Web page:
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CGD's president, Nancy Birdsall, will participate on a panel as part of the Williams College Center for Development Economics's two-day conference, "The Future of the World Bank and the IMF: Redesign For a New (and Old) World"
What Kind of World Bank in the 21st Century?
Thursday, September 27, 2012
4:00pm - 5:30pm
Featuring Nancy Birdsall
President, The Center for Global Development
Visiting Professor, Williams College
Dean and Director, Institute of Business Administration in Karachi
Formerly, Governor, State Bank of Pakistan
Professor of Political Economy and Development, London School of Economics
Chair Marco Gerard Caprio
William Brough Professor of Economics, Williams College
The panelists will attempt to answer the following questions:
Should the Bank be encouraging and subsidizing global public goods – on climate change, drug resistance, or less risky financial systems that blow up and damage others, for example -- and therefore focusing less on individual countries?
Rather than lending, should the Bank become more of a knowledge bank: creating knowledge public goods, subsidizing research on and in developing countries?
What role for the Bank in encouraging better governance in developing countries, given the evidence (Why Nations Fail) that governance is critical? And what about improving its own governance?
What role for the Bank in the shrinking number of low-income countries?
The conference overall will explore the themes that are critical to the future effectiveness of the World Bank and the International Monetary Fund (IMF), notably financial crises and regulation, poverty, and climate change, as well as the changing governance of the institutions themselves.
Climate change is one of the greatest existential challenge of our times. In the 2015 Paris Agreement, 190 parties submitted climate strategies to keep the global temperature increase to 1.5-2 C. and ensure a transition to low emissions economies. A new IMF paper provides country-level guidance on the role, design and economic impact of fiscal policies for implementing these strategies, using a unique and transparent tool laying out the trade-offs among policy options. The IMF will also be releasing updated estimates of energy subsidies at the global and national level.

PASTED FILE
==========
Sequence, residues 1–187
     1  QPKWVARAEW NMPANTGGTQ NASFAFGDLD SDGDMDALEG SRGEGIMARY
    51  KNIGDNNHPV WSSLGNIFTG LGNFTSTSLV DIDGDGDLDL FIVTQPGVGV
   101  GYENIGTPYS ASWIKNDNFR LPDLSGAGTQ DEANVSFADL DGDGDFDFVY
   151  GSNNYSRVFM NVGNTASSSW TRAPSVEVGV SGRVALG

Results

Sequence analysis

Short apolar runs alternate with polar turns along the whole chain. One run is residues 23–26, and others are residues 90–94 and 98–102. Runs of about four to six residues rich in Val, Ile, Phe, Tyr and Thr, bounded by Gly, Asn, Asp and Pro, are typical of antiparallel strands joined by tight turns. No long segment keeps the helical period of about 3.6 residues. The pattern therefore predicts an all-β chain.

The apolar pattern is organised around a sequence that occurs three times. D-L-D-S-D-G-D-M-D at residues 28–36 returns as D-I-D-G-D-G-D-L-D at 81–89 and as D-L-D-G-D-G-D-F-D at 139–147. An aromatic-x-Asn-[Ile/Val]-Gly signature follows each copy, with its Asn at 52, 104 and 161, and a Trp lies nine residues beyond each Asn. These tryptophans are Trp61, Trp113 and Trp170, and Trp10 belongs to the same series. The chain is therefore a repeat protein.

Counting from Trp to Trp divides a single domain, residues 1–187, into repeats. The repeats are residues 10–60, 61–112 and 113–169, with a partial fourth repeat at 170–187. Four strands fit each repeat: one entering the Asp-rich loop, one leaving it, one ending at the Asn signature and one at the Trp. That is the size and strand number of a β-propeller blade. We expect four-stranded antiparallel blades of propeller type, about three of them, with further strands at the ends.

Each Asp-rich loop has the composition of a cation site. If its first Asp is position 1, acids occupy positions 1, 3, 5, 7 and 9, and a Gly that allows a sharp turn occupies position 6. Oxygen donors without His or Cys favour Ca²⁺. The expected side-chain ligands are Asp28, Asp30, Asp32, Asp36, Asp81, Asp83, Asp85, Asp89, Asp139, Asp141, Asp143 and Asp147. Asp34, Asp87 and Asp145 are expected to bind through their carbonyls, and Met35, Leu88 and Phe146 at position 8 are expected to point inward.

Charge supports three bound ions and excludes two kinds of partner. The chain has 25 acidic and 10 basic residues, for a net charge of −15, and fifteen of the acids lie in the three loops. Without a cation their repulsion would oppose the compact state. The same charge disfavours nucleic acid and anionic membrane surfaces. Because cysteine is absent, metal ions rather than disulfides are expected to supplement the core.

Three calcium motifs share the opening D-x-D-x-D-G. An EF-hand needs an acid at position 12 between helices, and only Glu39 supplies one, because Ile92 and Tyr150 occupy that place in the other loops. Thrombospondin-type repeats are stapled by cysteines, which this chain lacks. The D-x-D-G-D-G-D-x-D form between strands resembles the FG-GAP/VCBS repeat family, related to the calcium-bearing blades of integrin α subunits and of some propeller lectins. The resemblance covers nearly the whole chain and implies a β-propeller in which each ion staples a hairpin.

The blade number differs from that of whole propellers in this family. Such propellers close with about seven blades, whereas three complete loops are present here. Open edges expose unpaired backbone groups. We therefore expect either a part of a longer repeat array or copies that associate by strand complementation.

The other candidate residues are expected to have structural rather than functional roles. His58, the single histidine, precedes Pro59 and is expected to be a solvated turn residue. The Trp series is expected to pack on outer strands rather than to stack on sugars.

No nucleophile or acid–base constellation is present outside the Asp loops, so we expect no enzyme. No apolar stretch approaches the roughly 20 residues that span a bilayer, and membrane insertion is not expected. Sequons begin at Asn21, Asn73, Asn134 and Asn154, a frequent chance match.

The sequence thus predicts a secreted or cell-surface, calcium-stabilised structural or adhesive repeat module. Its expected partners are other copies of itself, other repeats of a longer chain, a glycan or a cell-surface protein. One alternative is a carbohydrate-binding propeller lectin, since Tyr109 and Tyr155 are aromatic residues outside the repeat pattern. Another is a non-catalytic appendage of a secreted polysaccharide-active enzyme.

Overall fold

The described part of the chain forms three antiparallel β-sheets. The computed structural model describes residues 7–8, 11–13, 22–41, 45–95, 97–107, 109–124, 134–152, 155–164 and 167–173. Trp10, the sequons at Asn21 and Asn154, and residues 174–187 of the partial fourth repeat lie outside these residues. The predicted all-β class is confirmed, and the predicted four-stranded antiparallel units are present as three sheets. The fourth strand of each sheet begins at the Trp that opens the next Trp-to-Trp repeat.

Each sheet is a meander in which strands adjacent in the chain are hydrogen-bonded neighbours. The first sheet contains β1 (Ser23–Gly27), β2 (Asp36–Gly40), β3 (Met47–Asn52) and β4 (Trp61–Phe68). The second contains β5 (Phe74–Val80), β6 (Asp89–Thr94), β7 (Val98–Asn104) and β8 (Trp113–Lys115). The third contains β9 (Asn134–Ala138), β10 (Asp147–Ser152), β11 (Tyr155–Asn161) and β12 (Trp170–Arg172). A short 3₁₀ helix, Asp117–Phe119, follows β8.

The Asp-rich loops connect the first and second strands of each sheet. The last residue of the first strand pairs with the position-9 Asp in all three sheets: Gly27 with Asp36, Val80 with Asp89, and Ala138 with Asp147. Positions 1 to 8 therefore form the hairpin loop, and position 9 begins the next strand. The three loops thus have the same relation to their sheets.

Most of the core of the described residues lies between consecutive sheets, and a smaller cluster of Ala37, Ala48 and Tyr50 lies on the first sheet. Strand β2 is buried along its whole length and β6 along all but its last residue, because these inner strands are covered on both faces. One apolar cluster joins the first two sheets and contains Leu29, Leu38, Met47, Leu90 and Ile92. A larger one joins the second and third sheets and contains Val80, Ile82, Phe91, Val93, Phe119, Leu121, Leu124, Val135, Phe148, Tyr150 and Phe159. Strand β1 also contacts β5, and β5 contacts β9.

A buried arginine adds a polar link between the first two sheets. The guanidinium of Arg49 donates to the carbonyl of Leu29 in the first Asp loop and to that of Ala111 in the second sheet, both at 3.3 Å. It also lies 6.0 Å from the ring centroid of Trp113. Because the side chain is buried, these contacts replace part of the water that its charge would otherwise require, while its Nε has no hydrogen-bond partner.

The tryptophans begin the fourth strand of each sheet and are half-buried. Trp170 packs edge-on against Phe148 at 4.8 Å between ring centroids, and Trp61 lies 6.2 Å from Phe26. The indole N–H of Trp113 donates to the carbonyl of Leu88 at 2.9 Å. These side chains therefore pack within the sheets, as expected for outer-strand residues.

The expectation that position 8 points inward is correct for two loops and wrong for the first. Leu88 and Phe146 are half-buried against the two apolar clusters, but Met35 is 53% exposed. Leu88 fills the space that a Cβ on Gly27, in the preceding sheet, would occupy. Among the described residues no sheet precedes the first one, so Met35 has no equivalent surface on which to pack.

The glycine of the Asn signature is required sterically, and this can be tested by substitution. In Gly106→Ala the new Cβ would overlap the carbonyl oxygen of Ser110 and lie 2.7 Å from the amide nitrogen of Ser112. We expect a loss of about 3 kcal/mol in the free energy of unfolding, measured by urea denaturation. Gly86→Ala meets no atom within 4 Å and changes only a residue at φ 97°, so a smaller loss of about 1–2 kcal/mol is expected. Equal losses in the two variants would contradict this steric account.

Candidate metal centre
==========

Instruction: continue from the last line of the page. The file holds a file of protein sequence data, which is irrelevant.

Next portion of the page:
Christine Lagarde, the IMF’s Managing Director will be joined by Ngozi Okonjo-Iweala, former Minister of Finance of Nigeria and Andrew Steer, President and CEO of WRI, in a session moderated by CGD President, Masood Ahmed to discuss fiscal policy options to achieve the Paris commitments: How much carbon pricing do countries need to meet their commitments? Should an international carbon price floor be established? Or are other solutions like tax subsidies more politically palatable? Where should the revenues be spent? Are physical climate proofing investments enough for adaptation?
Join us for a reception in advance of the 72nd World Health Assembly in Geneva, Switzerland.
This reception is an opportunity to learn about a proposed innovative approach to health financing while networking with other global health leaders. Per the high-level political declaration on the fight against tuberculosis, we are committed to mobilizing sufficient and sustainable financing for universal access to quality prevention, diagnosis, treatment and care of tuberculosis.
Industrialization was never an accident but an outcome of a well- crafted industrial policy. Analyzing the capacity and limits of the (developmental) state in the industrialization process and in economic development in general, Murat Yülek’s new book, How Nations Succeed: Manufacturing, Trade, Industrial Policy, and Economic Development, sheds light on how today’s governments can design industrial policy and how they can identify strategic sectors to break out of Low and Middle Income Traps. Explaining technical concepts in understandable terms, the book introduces a stylized industrialization process in four stages and locates different countries on the process map. He illustrates how picking-the-winner type industrial policies –a controversial issue among the economists –have worked in different countries. It also discusses how industrial policy and science, technology and innovation policies should be sequenced for best results. As trade wars and (pre-mature) de-industrialization become the zeitgeist of today, the book shows the links between global (im)balances and economic development explaining export-led growth as well as import-led slowdowns.
On the sidelines of the World Bank and IMF Spring Meetings 2019, the Center for Global Development (CGD) and the Bretton Woods Committee (BWC) will co-host this expert panel to discuss the future of the World Bank under its new president, David Malpass. What should top his agenda? What are the most important and urgent issues in the development landscape and what is the role of the World Bank in addressing these challenges? Join us to hear from this panel of global thought leaders offering recommendations for the future of the multilateral system.